Struggling to prepare for work history portion of SWE interview

PyLadies iQea15
Dec 28, 2018 10 Comments

I'm preparing to interview for software engineering roles. I heard companies like Salesforce, Square, Uber, LinkedIn and Twilio have one round of their onsite (or at least some portion of the loop) dedicated to discussing your work projects.

This is my first time interviewing out of school so I've never participated in a round like this. I'm struggling to prepare for several reasons:

1. The guidelines for communicating effectively about what I've worked on aren't clear to me. How much context is enough for the interviewer to be able to understand the problem? If the project involved many components, I'm not sure which are useful to mention.

2. As I'm preparing descriptions of the work that was done, my contribution, things I would do differently, I fall into a rabbit hole and start spending a lot of time preparing for this. There are so many things I could talk about that each require sharing a certain amount of context. How do I prioritize and manage time?

Any tips for preparing for the work history / technical communication / past projects round? Does your company include this in your onsite loop? If so, how much weight does this hold compared to DS/algo, system design, and behavioral?

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TOP 10 Comments
  • Capital One / Eng da2de2se
    There are three primary topics that you will be asked about during behavioral:

    1. Accomplishments - what impact did your work have
    2. Challenges - did you fail and what did you learn
    3. Teamwork - how did you motivate and influence your peers, how did you resolve conflicts

    Almost all behavioral questions are a flavor of one of the above three topics. You need to come up with 5-6 concrete stories for your experience so far, and mould them to the question asked on the fly.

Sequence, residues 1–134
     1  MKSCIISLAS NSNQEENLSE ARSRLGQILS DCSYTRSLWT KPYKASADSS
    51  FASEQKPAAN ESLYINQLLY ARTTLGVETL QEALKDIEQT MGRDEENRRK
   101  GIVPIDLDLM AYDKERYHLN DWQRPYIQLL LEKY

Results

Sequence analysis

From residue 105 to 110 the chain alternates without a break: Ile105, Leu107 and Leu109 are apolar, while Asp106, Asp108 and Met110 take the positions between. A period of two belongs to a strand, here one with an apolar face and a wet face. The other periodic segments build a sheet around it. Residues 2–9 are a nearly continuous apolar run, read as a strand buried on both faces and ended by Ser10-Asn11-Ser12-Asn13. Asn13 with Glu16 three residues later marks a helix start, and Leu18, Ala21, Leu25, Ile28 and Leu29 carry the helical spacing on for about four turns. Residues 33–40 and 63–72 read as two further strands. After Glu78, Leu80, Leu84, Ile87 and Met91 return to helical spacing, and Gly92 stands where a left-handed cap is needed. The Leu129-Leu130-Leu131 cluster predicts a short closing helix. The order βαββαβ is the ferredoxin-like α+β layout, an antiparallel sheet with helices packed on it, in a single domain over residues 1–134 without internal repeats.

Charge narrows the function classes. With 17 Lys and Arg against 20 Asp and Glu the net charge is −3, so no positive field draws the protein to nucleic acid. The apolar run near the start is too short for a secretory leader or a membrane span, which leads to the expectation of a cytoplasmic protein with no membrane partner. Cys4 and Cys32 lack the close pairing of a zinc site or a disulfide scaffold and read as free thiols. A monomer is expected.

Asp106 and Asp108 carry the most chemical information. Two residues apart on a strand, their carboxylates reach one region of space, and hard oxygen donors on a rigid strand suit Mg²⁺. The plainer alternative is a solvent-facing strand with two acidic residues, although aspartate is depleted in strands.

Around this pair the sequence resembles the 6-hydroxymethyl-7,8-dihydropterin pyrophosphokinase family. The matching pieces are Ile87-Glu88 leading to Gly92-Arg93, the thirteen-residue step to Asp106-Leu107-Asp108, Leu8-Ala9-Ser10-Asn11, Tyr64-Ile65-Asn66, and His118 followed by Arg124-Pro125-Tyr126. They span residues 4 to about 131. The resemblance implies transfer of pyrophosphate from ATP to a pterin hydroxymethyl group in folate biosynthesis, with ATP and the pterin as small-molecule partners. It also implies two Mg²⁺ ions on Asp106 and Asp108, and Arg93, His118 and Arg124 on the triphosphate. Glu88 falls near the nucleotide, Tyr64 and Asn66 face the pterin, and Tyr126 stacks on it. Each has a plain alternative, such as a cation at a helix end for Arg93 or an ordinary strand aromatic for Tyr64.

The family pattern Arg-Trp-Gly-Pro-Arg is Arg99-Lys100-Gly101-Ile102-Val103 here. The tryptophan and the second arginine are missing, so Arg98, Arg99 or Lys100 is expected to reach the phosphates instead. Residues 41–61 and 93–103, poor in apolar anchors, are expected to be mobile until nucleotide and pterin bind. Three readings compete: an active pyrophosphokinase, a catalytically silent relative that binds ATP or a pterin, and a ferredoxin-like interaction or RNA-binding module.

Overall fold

Dec 28, 2018 6
    • Capital One / Eng da2de2se
      Yes, that has happened a few times. You need to be prepared to elaborate comprehensively on any project mentioned in your resume. As cliched as it may sound, the STAR technique is generally useful to structure your communication.
      Dec 28, 2018
    • PyLadies iQea15
      OP
      "Elaborate comprehensively" -- does this mean to the level of detail where you're drawing architecture diagrams of the various stages of the system's development, in order to describe your input at each of these stages?
      Dec 28, 2018
    • PyLadies iQea15
      OP
      Thanks for mentioning the STAR technique. That's helpful.
      Dec 28, 2018
    • Capital One / Eng da2de2se
      You do not need to draw any diagrams at all, but if you feel that drawing something on the whiteboard strengthens your ability to communicate a particular point, then do not hesitate to do that. Overall, just make sure your verbal answers are detailed and not just at a high level.
      Dec 28, 2018
    • PyLadies iQea15
      OP
      Thanks for your thoughtful responses @da2de2se. I may repost this question later to see if other people will share their experience, as well.
      Dec 29, 2018
  • Google yogi bear
    don't just describe them verbally, let numbers talk
    Dec 28, 2018 2
    • PyLadies iQea15
      OP
      What if the project I learned the most from and contributed the most to was one that got cancelled and didn't make it into production?
      Dec 28, 2018
    • Google yogi bear
      well well well, i dunno
      Dec 28, 2018

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